Climate Liability Lawsuits Threaten Global Climate Action: Study

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Legal claims could be brought to international arbitration following climate liability lawsuits involving foreign oil and gas companies and threaten the global green energy transition, according to a new study.

A growing number of oil and gas companies are filing lawsuits around the world in an effort to block measures to limit global warming, which could have devastating consequences for global climate action and policy if successful.

Fossil fuel investors have begun to turn to private international tribunals, arguing that governments’ climate change policies are unlawfully undercutting their profits. In these so-called investor-state dispute settlements, companies seek compensation.




In the United States, the question of whether climate liability suits are a matter for state or federal courts has long been debated, and whether fossil fuel companies should be paid for their global warming emissions or be compensated for their losses due. to climate policies. Currently, the 10th United States Circuit Court of Appeals has said that these cases are still up to state judges, which has been echoed by other federal appeals courts.

Oil giants Suncor Energy and Exxon Mobil recently suffered loss in lower court when Boulder, Colorado and two other countries successfully sued fossil fuel companies in 2018 for climate damages and they “covered up and misrepresented” the dangers of using fossil fuels by the public. But, on June 8, 2022, companies asked the Federal Court to review the decisionwhich they hope could potentially work in their favor.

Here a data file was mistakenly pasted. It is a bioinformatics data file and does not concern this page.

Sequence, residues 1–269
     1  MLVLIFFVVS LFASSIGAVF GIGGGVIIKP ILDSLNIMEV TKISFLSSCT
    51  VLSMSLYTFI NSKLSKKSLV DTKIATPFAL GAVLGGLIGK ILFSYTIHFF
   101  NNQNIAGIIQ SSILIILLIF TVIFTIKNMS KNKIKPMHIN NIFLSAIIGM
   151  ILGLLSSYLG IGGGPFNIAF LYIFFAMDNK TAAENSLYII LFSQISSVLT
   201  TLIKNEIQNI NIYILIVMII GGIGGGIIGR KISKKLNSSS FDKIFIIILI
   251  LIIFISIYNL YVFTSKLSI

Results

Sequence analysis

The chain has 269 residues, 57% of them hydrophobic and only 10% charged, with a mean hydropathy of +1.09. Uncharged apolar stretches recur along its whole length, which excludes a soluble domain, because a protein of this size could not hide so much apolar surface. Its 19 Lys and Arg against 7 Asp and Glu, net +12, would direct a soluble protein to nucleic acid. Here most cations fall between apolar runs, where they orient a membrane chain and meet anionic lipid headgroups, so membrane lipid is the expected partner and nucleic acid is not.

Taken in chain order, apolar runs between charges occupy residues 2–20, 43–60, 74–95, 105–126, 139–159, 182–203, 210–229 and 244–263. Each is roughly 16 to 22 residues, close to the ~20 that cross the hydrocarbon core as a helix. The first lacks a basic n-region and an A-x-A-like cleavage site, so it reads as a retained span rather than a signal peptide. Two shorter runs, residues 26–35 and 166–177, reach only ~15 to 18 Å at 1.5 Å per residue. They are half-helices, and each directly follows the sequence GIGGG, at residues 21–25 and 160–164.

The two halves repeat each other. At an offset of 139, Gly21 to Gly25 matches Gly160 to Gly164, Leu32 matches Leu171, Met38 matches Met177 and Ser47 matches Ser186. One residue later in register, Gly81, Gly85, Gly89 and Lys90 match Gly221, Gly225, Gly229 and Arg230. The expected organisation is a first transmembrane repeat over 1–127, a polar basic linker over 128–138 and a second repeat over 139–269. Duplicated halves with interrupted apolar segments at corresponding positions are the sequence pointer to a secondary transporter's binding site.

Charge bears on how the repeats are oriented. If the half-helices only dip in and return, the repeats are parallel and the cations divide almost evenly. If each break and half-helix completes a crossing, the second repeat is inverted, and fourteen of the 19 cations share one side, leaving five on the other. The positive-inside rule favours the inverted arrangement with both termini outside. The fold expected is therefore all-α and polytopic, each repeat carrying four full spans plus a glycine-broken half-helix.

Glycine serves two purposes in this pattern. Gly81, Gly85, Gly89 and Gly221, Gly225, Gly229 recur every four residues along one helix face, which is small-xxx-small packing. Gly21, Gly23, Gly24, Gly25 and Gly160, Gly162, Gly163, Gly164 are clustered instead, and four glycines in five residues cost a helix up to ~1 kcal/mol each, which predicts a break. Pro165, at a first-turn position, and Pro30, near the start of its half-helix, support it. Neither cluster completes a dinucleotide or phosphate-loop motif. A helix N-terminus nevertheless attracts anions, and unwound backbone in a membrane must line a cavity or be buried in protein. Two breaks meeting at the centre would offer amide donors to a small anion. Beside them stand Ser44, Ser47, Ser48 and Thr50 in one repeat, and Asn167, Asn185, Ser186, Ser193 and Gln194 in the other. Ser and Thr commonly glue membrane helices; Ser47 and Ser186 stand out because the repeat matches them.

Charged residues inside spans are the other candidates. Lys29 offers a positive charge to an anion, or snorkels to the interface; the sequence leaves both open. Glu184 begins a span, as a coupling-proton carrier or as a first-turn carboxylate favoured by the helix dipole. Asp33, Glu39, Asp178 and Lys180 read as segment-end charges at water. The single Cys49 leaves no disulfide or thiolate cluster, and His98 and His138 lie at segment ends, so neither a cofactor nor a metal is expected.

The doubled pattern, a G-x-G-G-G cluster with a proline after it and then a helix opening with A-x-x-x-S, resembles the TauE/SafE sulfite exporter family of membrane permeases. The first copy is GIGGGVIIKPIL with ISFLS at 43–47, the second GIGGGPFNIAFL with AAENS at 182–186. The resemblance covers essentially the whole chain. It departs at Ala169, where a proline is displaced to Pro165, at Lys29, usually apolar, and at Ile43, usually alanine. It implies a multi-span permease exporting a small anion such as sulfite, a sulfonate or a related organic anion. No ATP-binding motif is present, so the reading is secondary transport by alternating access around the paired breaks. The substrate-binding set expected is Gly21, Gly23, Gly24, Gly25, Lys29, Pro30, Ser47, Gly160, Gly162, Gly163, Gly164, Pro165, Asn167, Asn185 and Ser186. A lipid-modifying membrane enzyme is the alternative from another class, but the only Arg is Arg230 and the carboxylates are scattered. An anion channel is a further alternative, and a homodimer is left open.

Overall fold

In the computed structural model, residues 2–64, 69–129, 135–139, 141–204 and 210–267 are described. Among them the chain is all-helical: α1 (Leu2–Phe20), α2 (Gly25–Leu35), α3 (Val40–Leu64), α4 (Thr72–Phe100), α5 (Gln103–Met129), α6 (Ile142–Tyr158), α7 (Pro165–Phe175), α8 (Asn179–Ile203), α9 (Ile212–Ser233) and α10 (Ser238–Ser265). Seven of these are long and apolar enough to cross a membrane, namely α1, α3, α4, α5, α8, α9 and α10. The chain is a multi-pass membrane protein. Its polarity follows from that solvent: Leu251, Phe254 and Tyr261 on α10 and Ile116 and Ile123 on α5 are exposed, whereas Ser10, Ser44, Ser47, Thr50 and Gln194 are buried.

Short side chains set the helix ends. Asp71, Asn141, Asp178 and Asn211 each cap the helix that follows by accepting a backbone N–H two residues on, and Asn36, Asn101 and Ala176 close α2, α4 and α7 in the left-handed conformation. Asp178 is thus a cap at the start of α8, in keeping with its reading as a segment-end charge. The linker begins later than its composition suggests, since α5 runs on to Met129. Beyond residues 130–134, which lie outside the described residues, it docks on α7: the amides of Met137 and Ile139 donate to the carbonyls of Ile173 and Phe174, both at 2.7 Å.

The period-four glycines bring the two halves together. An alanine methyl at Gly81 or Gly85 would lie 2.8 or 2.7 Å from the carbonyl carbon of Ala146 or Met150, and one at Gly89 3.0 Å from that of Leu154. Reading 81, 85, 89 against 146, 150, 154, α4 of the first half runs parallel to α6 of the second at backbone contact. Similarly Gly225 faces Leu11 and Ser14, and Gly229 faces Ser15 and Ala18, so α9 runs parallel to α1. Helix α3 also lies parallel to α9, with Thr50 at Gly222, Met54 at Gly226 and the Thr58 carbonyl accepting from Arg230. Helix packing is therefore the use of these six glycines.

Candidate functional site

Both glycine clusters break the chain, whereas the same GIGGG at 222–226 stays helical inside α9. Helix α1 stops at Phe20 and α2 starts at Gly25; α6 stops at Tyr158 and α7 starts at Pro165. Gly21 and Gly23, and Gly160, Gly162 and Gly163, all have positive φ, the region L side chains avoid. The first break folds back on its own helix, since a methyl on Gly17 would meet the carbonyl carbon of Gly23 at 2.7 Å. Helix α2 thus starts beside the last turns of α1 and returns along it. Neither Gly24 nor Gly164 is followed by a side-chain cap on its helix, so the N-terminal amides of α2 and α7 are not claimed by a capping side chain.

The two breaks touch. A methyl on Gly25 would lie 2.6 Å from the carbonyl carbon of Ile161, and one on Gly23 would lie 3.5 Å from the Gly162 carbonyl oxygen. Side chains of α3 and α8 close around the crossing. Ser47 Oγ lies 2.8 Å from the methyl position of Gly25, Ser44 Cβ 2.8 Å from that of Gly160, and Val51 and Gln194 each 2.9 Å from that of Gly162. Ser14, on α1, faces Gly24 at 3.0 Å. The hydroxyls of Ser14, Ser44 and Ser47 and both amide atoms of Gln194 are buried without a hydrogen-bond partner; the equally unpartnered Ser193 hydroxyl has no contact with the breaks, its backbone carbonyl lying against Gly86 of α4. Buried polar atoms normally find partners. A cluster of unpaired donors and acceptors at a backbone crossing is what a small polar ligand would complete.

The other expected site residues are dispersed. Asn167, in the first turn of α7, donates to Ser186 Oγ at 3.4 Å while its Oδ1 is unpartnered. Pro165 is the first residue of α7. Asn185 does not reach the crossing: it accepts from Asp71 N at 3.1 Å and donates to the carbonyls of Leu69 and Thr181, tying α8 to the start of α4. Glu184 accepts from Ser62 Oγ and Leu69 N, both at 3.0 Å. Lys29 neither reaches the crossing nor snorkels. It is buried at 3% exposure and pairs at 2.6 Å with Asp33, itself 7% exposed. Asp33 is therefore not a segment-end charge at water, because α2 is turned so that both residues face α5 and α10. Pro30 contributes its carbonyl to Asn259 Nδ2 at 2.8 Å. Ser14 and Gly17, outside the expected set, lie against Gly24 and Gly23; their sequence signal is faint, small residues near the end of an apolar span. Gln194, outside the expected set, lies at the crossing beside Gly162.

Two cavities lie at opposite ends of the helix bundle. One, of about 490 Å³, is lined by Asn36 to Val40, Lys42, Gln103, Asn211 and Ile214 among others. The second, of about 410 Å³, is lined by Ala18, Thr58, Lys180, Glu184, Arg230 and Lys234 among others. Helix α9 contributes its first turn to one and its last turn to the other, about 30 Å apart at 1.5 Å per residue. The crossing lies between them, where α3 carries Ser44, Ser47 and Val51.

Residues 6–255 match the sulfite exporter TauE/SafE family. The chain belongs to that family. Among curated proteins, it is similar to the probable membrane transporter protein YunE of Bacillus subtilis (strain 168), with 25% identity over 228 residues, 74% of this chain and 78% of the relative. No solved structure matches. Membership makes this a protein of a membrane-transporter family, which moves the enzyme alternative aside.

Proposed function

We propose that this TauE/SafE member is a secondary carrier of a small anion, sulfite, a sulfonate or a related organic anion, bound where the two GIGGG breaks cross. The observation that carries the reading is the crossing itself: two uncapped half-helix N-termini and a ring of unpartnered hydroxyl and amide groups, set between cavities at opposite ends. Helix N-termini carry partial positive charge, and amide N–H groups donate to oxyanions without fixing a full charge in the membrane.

“Given the stakes of the climate change litigation, the issues presented here are among the most significant jurisdictional issues currently pending in federal courts,” the companies’ petition states.

A recent report on investor-state dispute settlement actions found that when such cases were decided on the merits, fossil fuel investors were successful 72% of the time, earning an average of US$600 million in compensation.

A separate study just appeared in the magazine Science predicts that more claims for investor-state disputes are expected as the oil and gas sector currently faces a loss of US$1 trillion from oil and gas reserves stranded due to climate policy changes . These losses would likely increase if nations continued to develop other oil and gas supplies to wean themselves off Russian fossil fuels after the invasion of Ukraine. Ultimately, taxpayers would bear the cost of these lawsuits, according to the newspaper.

Besides the significant financial implications, the emerging trend of climate liability lawsuits would affect the development of climate-related policies. The Intergovernmental Panel on Climate Change (IPCC) has also recognized that such cases could cause states to forbear or delay measures to phase out fossil fuels.

For example, in 2017, Canadian oil and gas company Vermilion threatened to use the investor-state dispute complaint to sue the government after then-French environment minister Nicolas Hulot drafted a law to end fossil fuel extraction by 2040. As a result, French legislation was watered down to allow for new oil and gas explorations even after 2040.

To solve this problem, governments must stop promoting the expansion of fossil fuels in the first place. “Delay climate action by granting new permits [for oil and gas expansion] both increases the risk of exceeding 1.5 degrees Celsius of warming and launching ISDS cases,” said Kyla Tienhaara, lead author of the study. Science paper. While there is a wide range of actions they could also take, “it comes down to simple political will.”

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